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    that is its very openness,
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    that is its best protection to stay open.
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    And the fact that it is distributed.
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    So I think that we need to have
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    a discussion of principles
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    as I say, or in... in...
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    it won't end in some sort of statute or constitution
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    because I don't think it should.
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    Yet I do think we need to have a discussion,
  • 16:01 - 16:02
    because we need principles we can point
  • 16:02 - 16:04
    to when we see them violated,
  • 16:04 - 16:06
    when we see Verizon, and Google,
  • 16:06 - 16:08
    right I am going to talk about Google,
  • 16:08 - 16:10
    I am a certified fanboy
  • 16:10 - 16:11
    but I am very disapointed in Google
  • 16:11 - 16:13
    for doing a devil's pact with Verizon
  • 16:13 - 16:14
    to cut up the Internet,
  • 16:14 - 16:16
    into the Internet and Schminternet
  • 16:16 - 16:18
    when you are on the wire it acts one way,
  • 16:18 - 16:20
    when you are out of the wire it acts another way
  • 16:20 - 16:22
    it's all in one Internet.
  • 16:22 - 16:24
    So, what are those principles?
  • 16:24 - 16:26
    On my blog I wrote a post
  • 16:26 - 16:27
    that led up to my question
  • 16:27 - 16:28
    to President Sarkozy yesterday
  • 16:28 - 16:30
    on my suggestion that he and others
  • 16:30 - 16:31
    take an Hippocratic Oath,
  • 16:31 - 16:32
    and I'm so honored to have been quoted by
  • 16:32 - 16:36
    Professor Lessig in a Lessig Powerpoint,
  • 16:36 - 16:37
    I'm sorry keynote,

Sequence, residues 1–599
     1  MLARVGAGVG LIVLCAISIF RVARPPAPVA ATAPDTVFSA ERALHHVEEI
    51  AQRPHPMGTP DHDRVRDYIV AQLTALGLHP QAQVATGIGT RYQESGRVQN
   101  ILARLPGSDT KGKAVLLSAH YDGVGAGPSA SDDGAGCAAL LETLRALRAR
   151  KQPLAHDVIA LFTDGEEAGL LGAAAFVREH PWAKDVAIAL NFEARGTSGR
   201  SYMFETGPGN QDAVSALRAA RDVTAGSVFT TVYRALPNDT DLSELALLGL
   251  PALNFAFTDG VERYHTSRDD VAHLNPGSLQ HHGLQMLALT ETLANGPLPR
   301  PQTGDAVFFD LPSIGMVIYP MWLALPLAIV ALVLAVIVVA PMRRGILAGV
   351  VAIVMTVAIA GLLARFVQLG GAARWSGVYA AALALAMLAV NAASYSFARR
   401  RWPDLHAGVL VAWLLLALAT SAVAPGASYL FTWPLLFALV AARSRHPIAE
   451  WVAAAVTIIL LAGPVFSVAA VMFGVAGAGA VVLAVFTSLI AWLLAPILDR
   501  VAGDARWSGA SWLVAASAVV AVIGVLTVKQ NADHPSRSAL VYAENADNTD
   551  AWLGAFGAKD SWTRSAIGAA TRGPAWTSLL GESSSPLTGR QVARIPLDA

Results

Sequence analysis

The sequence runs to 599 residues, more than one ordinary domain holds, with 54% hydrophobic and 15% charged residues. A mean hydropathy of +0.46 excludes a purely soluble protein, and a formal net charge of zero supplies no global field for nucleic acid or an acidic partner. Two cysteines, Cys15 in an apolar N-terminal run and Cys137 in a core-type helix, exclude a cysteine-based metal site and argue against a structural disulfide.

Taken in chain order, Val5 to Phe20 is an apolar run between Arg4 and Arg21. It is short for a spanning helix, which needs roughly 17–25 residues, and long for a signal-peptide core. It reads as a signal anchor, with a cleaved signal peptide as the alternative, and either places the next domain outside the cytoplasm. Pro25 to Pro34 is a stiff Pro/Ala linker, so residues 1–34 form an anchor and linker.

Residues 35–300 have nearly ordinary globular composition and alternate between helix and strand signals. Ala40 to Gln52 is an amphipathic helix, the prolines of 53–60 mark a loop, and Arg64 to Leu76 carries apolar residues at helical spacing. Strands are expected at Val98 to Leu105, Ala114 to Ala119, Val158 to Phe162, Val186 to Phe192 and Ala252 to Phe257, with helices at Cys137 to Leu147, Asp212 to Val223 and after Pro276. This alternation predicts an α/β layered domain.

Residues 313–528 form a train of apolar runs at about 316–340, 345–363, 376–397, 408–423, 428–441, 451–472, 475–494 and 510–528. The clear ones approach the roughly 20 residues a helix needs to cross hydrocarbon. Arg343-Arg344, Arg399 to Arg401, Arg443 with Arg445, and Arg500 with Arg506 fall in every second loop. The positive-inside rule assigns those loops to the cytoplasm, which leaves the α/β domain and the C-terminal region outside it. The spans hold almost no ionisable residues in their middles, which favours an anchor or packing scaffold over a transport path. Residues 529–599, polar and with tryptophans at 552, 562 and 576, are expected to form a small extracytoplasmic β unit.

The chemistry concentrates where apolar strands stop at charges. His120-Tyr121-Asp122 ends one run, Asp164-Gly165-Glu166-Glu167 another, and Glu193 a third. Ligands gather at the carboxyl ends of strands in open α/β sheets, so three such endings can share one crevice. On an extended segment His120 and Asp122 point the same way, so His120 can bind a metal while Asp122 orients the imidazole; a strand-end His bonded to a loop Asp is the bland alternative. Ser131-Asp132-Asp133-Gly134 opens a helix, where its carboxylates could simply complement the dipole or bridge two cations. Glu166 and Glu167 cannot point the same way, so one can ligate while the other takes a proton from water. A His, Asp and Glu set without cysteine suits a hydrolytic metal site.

• 16:37 - 16:41
    I'm sorry we'll have an au revoir on this, but I...
  • 16:41 - 16:43
    There are many good efforts
  • 16:43 - 16:44
    to build Bills of Rights for the Internet,
  • 16:44 - 16:46
    and I have thrown out my humble suggestions,
  • 16:46 - 16:48
    and they weren't certainly wrong,
  • 16:48 - 16:49
    but I think among them
  • 16:49 - 16:50
    there is the right to connect,
  • 16:50 - 16:52
    and when someone cuts off that right
  • 16:52 - 16:54
    it's a violation of Human Rights.
  • 16:54 - 16:57
    So when Egypt cuts off the Internet connection,
  • 16:57 - 16:59
    the Human Rights have been violated.
  • 16:59 - 17:02
    That right to connect is a preamble
  • 17:02 - 17:04
    to the right of free speech.
  • 17:04 - 17:06
    And what follows the right of free speech
  • 17:06 - 17:08
    is the right to act and to assemble.
  • 17:08 - 17:09
    It was in the French constitution
  • 17:09 - 17:11
    that the notion of the right
  • 17:11 - 17:13
    to assemble was invented.
  • 17:13 - 17:16
    I think we need a notion that
  • 17:16 - 17:18
    our information of our institutions
  • 17:18 - 17:19
    and of our government
  • 17:19 - 17:20
    should be open by default,
  • 17:20 - 17:23
    and closed only by necessity.
  • 17:23 - 17:25
    We are the opposite today.
  • 17:25 - 17:26
    I think we have to have an understanding
  • 17:26 - 17:29
    of what it means to be private and to be public.
  • 17:29 - 17:30
    I wrote a whole book on that
  • 17:30 - 17:32
    - I won't bore you with that.
  • 17:32 - 17:33
    I think we have to respond
  • 17:33 - 17:35
    to the notion of net neutrality by saying that
  • 17:35 - 17:36
    all bits are created equal,
  • 17:36 - 17:38
    and that when anyone restricts a bit
  • 17:38 - 17:40
    for any reason, whether that it was a telco
  • 17:40 - 17:42
    to restrict how you watch a movie,
  • 17:42 - 17:44
    whether that it is China restricting you
  • 17:44 - 17:46
    to search for Falun Gong,
  • 17:46 - 17:48
    or is that Egypt cutting off the internet,
  • 17:48 - 17:50
    whatever the flow of the internet that is restricted,
  • 17:50 - 17:52
    the whole internet is restricted.
  • 17:52 - 17:53
    And so finally we have to hold up
  • 17:53 - 17:55
    to the structure of the internet
  • 17:55 - 17:56
    to be open and distributed
  • 17:56 - 17:58
    because that is its only defense.
  • 17:58 - 18:01
    But I would argue... I would say that...
  • 18:01 - 18:04
    they convened you've gone today.
  • 18:04 - 18:06
    It's very important and should continue
  • 18:06 - 18:08
    and we need to talk about these issues
  • 18:08 - 18:10
    at the table of the internet,
  • 18:10 - 18:12
    and not at this table here,
  • 18:12 - 18:15
    or not only at this table here.
  • 18:15 - 18:18